Just Be You
    Footnotes
    Theme

    “Just Be You,” New Era, August 2015, 38–40

    Just Be You

    Alex Masterson lives in Utah, USA.

    Scared of sharing the gospel? Relax and just be yourself.

    Social interaction

    Photo illustrations by Christina Smith

    Your friends pull you aside and excitedly tell you that your favorite band is performing this Sunday. They even found out that you can get a group price if you all go together. It’s a once-in-a-lifetime opportunity! So what would you do? Take the tickets and go, even though the concert’s on a Sunday? Or keep the Sabbath day holy after telling them you’re “busy” (without mentioning that you’re going to a fireside)?

    Or is there something better you could do? Maybe this could be an opportunity to share why Sundays are different for you than other days.

    Outside the home, choices like this one happen all the time—away from parents, missionaries, leaders, teachers, and maybe even friends. These choices may seem uncomfortable or scary, but they can also be golden opportunities to share what you believe.

    As a member of the Church, you have so much to offer the world. You have specific strengths, experiences, and perspectives that make the things you say and do matter. So, believe it or not, you can make a difference in the lives of those around you. You just have to be willing to act.

    The best part is that some of the best missionary opportunities can just happen naturally if you remember three things: live the gospel, talk to people, and keep things simple.

    Live the Gospel

    The best way to teach the gospel is to live the gospel every day, because if you want to become a light to others, you have to fan your own spiritual flame first.

    As you live the gospel, you’ll realize that your example and your attitude are more than enough to inspire people to change for the better. A fellow teammate could stop drinking alcohol after seeing how well you perform without it. Or your friends could want to be more loving and loyal because you’re there for them no matter what.

    There will also be times when your very way of living will spark opportunities for discussion and questions. Your friends might ask why you decided to turn in a wallet to the lost and found instead of keeping it for yourself. Or some kids at school might ask why you don’t swear.

    At first, it might seem scary to be different, but remember that your differences can give you the power to help people, especially if you follow the Savior’s counsel to be kind and compassionate (see John 13:34) and aren’t pushy about what you believe (see Alma 38:12). Don’t expect the world to change overnight because of your righteous choices, but know that eventually people will notice. That alone can be enough to bring about change.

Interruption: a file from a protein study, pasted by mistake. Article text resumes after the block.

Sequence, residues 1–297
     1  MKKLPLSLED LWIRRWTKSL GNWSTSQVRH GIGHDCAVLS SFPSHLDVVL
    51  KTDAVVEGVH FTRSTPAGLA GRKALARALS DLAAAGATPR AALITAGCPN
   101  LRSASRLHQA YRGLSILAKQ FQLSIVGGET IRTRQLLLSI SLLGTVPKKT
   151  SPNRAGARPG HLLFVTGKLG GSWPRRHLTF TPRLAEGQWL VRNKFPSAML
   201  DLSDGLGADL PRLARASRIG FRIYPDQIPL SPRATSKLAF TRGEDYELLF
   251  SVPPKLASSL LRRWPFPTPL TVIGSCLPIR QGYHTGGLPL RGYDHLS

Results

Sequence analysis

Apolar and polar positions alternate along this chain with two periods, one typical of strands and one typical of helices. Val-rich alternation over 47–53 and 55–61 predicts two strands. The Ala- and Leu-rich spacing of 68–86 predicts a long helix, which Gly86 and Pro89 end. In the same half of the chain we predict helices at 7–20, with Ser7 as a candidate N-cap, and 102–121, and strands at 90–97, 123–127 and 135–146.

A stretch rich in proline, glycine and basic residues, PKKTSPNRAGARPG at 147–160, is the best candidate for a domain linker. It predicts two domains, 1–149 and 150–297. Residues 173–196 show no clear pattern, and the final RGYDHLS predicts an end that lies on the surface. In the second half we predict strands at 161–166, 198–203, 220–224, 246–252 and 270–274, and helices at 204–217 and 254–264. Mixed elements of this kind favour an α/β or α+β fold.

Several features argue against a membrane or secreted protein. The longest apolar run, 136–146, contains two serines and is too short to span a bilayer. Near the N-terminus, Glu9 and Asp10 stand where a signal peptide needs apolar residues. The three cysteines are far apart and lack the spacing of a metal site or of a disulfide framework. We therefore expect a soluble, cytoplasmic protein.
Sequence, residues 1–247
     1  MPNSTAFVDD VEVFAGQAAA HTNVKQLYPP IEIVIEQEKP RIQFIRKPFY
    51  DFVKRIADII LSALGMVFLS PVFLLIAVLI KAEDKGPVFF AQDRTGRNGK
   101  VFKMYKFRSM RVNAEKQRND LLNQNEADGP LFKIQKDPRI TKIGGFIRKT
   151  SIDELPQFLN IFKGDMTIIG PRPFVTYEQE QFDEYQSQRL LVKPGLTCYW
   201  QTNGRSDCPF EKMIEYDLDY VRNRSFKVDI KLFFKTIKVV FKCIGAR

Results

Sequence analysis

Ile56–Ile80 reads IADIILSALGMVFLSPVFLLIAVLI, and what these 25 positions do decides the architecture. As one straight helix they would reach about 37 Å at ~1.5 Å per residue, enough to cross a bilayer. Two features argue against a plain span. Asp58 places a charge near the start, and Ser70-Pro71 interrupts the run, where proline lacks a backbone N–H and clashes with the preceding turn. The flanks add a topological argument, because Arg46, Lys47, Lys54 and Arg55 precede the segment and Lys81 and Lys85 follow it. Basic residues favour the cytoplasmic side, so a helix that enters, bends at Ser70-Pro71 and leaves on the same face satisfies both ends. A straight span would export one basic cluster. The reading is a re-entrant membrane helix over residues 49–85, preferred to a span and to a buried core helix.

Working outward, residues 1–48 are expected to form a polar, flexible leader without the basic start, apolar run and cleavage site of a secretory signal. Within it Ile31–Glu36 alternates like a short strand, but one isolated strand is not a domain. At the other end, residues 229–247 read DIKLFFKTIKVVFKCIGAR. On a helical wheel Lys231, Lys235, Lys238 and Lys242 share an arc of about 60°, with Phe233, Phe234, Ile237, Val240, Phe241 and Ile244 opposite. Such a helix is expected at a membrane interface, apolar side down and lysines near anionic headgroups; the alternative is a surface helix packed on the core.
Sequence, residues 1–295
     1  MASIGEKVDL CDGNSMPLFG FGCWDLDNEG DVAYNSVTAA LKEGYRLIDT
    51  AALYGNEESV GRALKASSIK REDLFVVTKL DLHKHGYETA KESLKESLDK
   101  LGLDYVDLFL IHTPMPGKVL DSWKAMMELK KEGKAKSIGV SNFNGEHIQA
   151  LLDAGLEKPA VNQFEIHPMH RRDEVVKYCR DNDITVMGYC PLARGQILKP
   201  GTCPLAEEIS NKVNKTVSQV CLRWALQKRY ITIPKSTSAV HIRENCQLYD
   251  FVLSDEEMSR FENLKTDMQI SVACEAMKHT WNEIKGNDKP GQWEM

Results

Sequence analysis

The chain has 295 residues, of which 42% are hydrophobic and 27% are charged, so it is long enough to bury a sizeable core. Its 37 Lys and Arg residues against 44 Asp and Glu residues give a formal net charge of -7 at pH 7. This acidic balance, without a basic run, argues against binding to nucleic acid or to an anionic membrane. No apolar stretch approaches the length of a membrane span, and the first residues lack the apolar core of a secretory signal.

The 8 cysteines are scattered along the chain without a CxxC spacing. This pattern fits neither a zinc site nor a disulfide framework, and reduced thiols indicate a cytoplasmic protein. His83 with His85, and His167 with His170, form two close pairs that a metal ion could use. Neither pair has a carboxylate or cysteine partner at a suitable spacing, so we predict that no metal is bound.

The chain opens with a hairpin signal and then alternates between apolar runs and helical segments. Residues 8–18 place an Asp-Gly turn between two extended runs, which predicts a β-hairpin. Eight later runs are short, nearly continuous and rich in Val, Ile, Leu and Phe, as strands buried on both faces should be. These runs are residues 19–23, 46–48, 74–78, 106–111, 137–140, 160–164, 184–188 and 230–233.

Talk with People

    Social intercation

    If you want to influence people for the better, they need to know who you are first. You don’t necessarily have to be loud, chatty, or even outgoing. You just have to reach out and show some love and friendship to those around you. Show people that you care (see 3 Nephi 12:14–16).

    As you get used to talking with people, this also gives you the opportunity to be open about your life and the things you believe in. That doesn’t mean you need to teach them missionary lessons or anything. It just means being yourself.

    So if you find out that a friend has been struggling with an issue, you can suggest prayer, because your friend most likely knows that’s what you do when you have an awful day. And it won’t be awkward to invite people to Church activities, because they’ll already have heard about other fun Church activities you’ve gone to. Think about it. That’s what friends do! They share.

    Keep It Simple

    Social interaction

    When people know you’re a member of The Church of Jesus Christ of Latter-day Saints, they tend to ask you all kinds of questions. Some will be sincere, others won’t. You’ll find that many people aren’t looking for missionaries to come and teach them right now; they’re usually just curious about your actions or beliefs.

    So, no matter the question or the motive, one of the best things you can do is to keep it simple—simple truths, simple testimony, and simple invitations (see Luke 10:25–28).

    For example, if some of your friends invite you to a party where you know there will be alcohol, you might be tempted to teach an in-depth lesson on the Word of Wisdom. That’s more likely to confuse people or put them off. Instead, just make it clear where you stand. Tell them you don’t drink, and use their questions as an opportunity to bear testimony of simple truths. Then tie in simple experiences with specific blessings you’ve seen.

    But make sure you also listen to the Spirit. Sometimes you might be prompted to invite them to learn more or to come to a Church meeting with you. Maybe all you need to do in that moment is invite your friends to come with you to a friend’s house instead of to the party. Then, you will live up to your standards and your friends will get the chance to as well.

    Be You

    Social interaction

    Missionary work doesn’t have to be stressful. It doesn’t even have to be something preplanned. Some of the best missionary opportunities can come naturally. Just live the gospel the best you can. Talk to people. Keep things simple. Just be you, because your life and example can change the world.